[CentOS] CentOS 6 : Network Interface Naming

Mon Nov 25 22:08:25 UTC 2013
Kahlil Hodgson <kahlil.hodgson at dealmax.com.au>

/etc/udev/rules.d/70-persistent-net.rules is your friend

the device names defined in there are set nice and early during boot,
well before any ifcfg scripts


Kahlil (Kal) Hodgson                       GPG: C9A02289
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On 16 November 2013 10:12, SilverTip257 <silvertip257 at gmail.com> wrote:
> On Fri, Nov 15, 2013 at 2:33 PM, Scott Robbins <scottro at nyc.rr.com> wrote:
>> On Fri, Nov 15, 2013 at 01:50:18PM -0500, SilverTip257 wrote:
>> > Hello All,
>> >
>> > I have one CentOS 6 KVM virtualization server that I built around a year
>> > ago (best I can tell it was in October 2012) at which time I would have
>> > been installing 6.3 [0].  That particular install used the Consistent
>> > Network Device Naming [1] conventions (PCIe NICs are p1p1, p1p2).
>> This regression is a combo RedHat/Dell idea, IIRC.  That may be why it's
>> that way on a Dell machine.  On Fedora, which usually shows what new
>> regressions will be in RH, it's gotten harder to fix with each iteration.
>> To make it worse, at least on Fedora (and again, many of their ideas,
>> whether good or bad for servers, get into RedHat) has apparently now been
>> intertwined with systemd.  At first, one simply had to remove the
>> biosdevnames rpm to fix it.  Now, one has to do that, and also add, (in
>> Fedora, with grub2) net.ifnames=0 to the kernel line.  (Note that this was
>> for Fedora 19, not sure if they at least removed biosdevnames in F20).
> I'm not tied to wanting my network interfaces to be ethX.
> Once my servers are configured, I'm generally not changing anything, so for
> all it matters they could be called wan0, etc.
> I actually think some of the conventions are worthwhile (ex: em for
> embedded, pXpY for PCI cards - I've not seen any others on Fedora/CentOS).
>  I believe embedded NIC naming on Dell hw starts with em1 rather than em0
> which is odd (we start counting at zero!).
>> To make it even more of a mess, (again, this is judging from Fedora, which
>> is good to keep on hand to see what new decisions good and bad will be made
>> by RH), I think biosdevnames gave it one name and then the whole systemd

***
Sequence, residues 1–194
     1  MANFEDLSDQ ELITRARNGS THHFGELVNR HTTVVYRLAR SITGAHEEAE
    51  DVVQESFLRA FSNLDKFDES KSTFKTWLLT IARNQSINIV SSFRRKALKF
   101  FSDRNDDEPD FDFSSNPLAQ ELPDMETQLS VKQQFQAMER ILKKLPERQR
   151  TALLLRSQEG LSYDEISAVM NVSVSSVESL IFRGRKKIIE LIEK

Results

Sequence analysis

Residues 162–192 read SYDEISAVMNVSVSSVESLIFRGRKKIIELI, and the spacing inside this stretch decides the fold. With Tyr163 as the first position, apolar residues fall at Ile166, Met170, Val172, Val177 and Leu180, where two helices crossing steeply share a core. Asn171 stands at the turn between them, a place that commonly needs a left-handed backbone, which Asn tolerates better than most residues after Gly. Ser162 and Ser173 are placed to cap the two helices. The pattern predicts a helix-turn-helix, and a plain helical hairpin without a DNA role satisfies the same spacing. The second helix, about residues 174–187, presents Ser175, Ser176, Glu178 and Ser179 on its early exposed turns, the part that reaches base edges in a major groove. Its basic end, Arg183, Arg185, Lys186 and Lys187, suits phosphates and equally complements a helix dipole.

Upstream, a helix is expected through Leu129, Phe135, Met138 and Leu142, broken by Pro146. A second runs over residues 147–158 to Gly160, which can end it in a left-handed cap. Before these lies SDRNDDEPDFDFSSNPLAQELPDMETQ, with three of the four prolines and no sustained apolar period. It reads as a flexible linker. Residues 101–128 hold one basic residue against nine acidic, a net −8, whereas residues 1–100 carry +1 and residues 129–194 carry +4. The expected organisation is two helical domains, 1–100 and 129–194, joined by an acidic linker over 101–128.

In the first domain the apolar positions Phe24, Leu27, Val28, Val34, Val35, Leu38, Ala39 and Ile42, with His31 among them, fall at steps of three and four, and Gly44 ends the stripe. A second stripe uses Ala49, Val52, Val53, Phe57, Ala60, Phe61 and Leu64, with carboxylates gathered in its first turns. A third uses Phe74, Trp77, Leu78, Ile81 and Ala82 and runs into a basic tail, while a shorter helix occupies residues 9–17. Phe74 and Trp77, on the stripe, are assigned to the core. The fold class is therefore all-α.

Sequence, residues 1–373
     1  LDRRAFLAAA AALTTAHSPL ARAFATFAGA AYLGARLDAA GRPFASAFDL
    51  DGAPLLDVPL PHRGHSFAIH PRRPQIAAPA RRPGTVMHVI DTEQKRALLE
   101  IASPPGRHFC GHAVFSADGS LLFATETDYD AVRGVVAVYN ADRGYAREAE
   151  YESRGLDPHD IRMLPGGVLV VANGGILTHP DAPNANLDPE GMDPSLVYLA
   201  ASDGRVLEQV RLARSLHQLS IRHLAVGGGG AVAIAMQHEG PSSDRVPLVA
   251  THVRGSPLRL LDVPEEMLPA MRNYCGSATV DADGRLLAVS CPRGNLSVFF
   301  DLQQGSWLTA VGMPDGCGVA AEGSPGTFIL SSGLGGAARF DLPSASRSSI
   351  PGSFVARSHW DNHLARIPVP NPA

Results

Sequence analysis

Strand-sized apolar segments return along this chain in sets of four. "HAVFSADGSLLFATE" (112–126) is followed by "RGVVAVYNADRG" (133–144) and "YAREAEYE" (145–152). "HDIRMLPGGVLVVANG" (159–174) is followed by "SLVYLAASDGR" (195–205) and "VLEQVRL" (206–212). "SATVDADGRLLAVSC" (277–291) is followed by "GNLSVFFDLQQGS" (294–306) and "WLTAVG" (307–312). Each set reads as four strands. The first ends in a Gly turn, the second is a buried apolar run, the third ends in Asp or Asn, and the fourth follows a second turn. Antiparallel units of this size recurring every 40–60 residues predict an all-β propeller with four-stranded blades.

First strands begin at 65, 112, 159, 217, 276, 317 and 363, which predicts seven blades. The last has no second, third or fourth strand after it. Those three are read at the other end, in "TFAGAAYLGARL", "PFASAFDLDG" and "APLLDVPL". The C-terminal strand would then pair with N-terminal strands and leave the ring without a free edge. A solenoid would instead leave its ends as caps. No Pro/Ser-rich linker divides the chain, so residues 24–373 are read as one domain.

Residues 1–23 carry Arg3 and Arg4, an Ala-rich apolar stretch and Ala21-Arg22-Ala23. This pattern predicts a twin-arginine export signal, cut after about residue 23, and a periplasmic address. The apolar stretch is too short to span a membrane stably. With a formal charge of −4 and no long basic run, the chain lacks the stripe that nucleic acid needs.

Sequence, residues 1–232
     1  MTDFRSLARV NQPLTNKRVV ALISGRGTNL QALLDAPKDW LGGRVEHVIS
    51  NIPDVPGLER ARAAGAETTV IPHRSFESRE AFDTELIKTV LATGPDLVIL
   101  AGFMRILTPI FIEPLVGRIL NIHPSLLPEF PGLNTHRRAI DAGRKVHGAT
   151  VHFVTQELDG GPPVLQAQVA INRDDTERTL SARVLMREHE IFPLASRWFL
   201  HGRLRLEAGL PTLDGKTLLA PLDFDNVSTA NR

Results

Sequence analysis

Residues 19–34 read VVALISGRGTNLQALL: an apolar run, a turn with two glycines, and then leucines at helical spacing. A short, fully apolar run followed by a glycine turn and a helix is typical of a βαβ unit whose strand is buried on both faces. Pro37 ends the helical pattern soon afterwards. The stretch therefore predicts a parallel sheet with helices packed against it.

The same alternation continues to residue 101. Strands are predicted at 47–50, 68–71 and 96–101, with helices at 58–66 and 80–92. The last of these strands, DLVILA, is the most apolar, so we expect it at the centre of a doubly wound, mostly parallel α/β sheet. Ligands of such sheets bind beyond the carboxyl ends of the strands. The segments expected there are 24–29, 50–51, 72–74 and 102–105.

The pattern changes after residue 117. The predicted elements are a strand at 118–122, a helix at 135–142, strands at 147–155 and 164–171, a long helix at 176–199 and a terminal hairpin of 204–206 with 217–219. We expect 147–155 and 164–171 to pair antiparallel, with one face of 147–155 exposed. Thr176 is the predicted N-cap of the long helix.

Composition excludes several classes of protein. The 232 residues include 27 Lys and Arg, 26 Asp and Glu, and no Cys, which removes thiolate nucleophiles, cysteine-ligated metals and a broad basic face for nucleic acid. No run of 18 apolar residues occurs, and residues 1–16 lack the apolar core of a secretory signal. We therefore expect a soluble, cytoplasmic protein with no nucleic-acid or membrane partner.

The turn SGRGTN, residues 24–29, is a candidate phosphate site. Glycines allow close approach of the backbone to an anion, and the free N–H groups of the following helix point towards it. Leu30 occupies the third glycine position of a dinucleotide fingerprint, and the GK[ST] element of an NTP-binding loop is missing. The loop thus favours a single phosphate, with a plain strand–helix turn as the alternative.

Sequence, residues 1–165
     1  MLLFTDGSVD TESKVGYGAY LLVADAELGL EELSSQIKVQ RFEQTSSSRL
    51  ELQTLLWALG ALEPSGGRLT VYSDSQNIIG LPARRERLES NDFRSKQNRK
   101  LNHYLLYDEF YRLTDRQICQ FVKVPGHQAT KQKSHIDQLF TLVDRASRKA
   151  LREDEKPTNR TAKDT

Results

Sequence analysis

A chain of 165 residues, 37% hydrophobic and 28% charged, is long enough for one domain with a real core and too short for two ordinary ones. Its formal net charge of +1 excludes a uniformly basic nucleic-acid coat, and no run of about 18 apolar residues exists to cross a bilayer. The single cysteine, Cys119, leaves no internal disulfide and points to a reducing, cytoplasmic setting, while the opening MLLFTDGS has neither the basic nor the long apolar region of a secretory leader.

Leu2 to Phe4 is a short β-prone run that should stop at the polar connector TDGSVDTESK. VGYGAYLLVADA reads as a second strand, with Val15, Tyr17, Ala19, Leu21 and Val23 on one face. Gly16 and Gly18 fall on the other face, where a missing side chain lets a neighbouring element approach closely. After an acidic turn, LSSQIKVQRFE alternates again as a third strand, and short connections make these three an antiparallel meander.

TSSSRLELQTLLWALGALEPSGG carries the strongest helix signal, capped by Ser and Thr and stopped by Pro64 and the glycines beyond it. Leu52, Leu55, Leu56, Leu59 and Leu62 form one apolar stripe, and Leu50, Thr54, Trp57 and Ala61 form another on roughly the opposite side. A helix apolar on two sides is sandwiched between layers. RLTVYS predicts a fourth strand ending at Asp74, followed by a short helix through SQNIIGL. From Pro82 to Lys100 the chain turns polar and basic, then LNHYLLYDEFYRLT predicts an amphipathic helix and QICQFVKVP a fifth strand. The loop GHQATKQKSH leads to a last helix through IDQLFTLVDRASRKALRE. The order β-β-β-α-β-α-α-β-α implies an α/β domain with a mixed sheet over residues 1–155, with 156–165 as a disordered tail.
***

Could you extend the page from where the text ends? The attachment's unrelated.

>> thing gave it another.  So, it would boot up as say p12p but in
>> /etc/sysconfig/network-scripts it would show up as ifcfg-p1p2p or something
>> like that. (I'm making these names up, but that was the general idea.)
> I did see something similar to this, I believe it was on a Fedora system I
> was using for testing ... I don't recall which release though.
> RHEL7 ought to have some "Easter eggs" for us. ;)
>> Some people consider it a good thing, especially when moving drives between
>> machines, but aside from it being something new, which isn't necessarily
>> improved, it breaks various working scripts.
>> Like you, I consider it a regression, but of course, that's only my
>> opinion, and many experienced folks disagree, thinking it's a good
>> thing--although I'm sure that even they would agree that they better figure
>> out if biosdevname or something else will be handling it so that it is at
>> least consistent.
> I'm not calling the biosdevname conventions a regression.
> But what I am calling a regression is all the flip flopping between the old
> convention and the new one, especially on two nearly identical hardware
> builds and OS builds for that matter.
>> Actually, I think (but am not sure, that in VMs, even Fedora will use the
>> eth0, eth1 system rather than the new naming scheme.  Not just KVM, but
>> also VirtualBox, VMware, and so on--that has been my experience with CentOS
>> VMs at least.
>> --
>> Scott Robbins
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>> ( 1B48 077D 66F6 9DB0 FDC2 A409 FA54 EB34 67D6 )
>> gpg --keyserver pgp.mit.edu --recv-keys EB3467D6
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> --
> ---~~.~~---
> Mike
> //  SilverTip257  //
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